Jardini looked back to Franco Moschino's role as the enfant terrible who relentlessly poked fun the self-satisfied excesses of Milanese power-dressing.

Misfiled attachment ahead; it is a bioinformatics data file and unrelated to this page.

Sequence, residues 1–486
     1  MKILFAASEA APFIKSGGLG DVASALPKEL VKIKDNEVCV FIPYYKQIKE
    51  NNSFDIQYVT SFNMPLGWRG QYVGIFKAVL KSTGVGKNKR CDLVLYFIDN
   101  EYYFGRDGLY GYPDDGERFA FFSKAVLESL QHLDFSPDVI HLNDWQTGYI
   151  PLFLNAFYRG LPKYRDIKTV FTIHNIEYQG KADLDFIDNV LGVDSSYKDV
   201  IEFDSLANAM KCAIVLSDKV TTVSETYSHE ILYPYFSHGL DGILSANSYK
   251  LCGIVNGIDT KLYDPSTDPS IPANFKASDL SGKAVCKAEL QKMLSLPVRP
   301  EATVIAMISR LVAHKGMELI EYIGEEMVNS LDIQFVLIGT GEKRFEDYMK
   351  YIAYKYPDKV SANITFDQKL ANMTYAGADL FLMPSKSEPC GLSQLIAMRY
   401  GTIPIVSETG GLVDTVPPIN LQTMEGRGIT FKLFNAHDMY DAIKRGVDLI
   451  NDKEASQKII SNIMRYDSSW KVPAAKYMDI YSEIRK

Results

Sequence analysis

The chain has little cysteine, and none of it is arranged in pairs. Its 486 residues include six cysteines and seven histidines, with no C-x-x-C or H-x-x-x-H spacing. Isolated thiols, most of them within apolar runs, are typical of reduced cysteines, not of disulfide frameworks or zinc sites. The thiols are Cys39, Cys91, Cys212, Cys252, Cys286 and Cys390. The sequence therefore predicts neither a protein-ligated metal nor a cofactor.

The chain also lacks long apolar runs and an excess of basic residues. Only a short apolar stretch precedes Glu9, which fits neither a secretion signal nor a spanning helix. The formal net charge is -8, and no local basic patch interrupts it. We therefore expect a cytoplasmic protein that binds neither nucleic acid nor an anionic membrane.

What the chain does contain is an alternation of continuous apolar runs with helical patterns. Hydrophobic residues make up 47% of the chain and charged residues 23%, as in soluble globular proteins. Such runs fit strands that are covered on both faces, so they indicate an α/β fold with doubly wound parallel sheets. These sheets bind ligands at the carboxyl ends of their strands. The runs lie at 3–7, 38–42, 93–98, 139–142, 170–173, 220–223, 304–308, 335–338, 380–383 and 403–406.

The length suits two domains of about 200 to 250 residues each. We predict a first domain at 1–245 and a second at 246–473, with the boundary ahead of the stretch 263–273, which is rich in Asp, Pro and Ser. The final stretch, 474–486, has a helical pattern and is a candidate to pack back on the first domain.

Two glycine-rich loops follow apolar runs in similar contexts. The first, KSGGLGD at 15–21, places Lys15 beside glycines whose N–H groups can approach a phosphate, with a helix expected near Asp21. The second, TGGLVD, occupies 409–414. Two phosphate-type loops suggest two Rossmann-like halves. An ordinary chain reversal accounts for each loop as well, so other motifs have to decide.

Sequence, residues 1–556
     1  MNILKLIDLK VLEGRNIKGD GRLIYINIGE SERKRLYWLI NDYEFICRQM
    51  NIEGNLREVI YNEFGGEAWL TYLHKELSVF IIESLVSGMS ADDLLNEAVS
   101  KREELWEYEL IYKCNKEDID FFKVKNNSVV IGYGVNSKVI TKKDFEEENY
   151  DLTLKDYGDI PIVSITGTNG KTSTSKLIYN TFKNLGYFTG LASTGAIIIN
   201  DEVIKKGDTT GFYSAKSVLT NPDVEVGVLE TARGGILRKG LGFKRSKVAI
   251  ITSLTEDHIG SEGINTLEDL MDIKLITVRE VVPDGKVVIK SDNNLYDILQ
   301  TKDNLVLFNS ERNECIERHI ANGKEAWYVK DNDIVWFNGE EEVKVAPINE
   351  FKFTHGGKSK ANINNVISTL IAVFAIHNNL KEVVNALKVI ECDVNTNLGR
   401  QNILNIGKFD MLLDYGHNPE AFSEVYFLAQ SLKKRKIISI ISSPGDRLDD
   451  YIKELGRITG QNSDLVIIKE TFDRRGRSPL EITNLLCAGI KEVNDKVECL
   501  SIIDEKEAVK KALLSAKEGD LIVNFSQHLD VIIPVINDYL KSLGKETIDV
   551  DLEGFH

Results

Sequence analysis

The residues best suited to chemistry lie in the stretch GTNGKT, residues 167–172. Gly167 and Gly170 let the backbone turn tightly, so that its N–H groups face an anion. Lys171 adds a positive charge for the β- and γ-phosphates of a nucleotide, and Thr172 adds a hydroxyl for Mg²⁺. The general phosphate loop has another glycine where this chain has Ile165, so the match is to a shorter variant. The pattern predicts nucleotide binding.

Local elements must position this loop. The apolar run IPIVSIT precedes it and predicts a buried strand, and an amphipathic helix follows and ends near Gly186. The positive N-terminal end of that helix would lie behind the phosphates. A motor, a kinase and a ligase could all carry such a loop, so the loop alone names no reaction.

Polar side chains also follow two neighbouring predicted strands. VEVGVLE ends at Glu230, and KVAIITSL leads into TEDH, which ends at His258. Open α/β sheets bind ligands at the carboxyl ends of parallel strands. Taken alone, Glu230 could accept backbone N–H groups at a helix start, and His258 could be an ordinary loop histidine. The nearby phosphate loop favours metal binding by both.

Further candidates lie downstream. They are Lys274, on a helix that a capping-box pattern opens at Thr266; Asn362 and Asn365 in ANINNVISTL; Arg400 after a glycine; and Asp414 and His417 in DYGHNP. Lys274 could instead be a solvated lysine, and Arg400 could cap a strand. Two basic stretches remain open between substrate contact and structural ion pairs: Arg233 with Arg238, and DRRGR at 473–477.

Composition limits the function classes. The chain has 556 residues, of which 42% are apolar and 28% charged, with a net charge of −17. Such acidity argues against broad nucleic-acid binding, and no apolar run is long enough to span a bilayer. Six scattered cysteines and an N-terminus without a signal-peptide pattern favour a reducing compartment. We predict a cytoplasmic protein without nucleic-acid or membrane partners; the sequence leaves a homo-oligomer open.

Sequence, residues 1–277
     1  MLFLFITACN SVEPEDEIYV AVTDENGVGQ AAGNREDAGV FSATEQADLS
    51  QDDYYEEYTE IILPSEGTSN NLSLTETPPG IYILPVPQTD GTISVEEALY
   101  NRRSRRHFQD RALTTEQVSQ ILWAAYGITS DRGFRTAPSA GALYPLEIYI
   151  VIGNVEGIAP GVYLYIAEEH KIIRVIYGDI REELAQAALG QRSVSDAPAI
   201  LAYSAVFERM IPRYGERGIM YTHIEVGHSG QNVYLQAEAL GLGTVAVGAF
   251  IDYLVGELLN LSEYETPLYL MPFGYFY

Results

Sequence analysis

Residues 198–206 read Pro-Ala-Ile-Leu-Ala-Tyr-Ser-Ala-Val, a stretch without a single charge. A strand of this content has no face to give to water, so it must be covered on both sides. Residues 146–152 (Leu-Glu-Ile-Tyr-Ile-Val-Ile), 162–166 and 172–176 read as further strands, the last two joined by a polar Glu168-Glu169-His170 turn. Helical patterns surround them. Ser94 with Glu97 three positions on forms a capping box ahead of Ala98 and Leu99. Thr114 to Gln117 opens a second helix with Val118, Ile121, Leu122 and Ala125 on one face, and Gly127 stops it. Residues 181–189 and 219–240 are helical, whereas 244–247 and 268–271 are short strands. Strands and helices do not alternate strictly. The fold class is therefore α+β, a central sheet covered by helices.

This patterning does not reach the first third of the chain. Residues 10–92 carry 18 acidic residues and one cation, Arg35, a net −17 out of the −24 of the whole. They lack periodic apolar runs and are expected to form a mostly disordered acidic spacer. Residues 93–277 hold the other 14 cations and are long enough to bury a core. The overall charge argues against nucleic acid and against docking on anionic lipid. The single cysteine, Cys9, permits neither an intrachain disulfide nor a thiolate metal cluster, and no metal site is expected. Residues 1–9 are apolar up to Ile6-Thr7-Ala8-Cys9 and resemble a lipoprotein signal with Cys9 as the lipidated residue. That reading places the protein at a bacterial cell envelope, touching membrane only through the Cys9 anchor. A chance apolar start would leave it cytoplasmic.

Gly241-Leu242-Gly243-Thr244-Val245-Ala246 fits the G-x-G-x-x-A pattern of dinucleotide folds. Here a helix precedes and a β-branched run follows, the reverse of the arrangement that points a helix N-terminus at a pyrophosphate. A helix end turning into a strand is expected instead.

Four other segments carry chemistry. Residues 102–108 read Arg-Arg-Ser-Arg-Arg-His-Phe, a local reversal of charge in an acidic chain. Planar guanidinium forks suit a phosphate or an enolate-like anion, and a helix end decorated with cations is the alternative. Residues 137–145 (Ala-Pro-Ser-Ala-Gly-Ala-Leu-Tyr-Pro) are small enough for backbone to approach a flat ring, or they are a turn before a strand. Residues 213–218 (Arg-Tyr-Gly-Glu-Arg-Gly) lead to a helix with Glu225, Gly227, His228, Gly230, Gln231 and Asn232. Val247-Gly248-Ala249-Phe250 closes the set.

Girls just want to have fun. Or so reasons Rossella Jardini of Moschino, a house whose shows are always impossible to watch with a straight face. For S/S 2010, Jardini looked back to the label's eighties roots and Franco Moschino's role as the enfant terrible who relentlessly poked fun the self-satisfied excesses of Milanese power-dressing. In this show, however, it wasn't entirely sure what was fun and what was finance: if that opening pearl-braided Chanel pastiche was intended as a riposte to power-dressing, it ended up joining their ranks as status symbol itself. Much of the collection riffed on Chanel-isms - with several biopics on her doing the rounds, the timing seems apt. But the point seemed to be lost when many of Moschino's reworkings seemed to reference Karl Lagerfeld's own send-ups of Coco's legacy: the bomber jacket constructed of jangling gilt-chains bordered in leather seemed particularly redolent of Kaiser Karl's early 1990s 'Coco on Cocaine' collections. The silk dresses in clashing prints, ruched, ruffled and puffballed around the body were another question mark - fun and frivolous certainly, but they felt more like pure redux than ironic comment, and certainly pandered to the current establishment taste for the crasser side. It was odd - and frankly slightly disheartening - that the collection looked best when Moschino stopped laughing. An apron-front dress in stark black and white, bow-backed taffeta strapless frock and fantastic drape-fronted black crepe trenchcoat-dress were the standout pieces. Even when accessorised with intentionally tacky gilt sandals and padded heart-shaped hats, their innate, understated good taste was clear to see.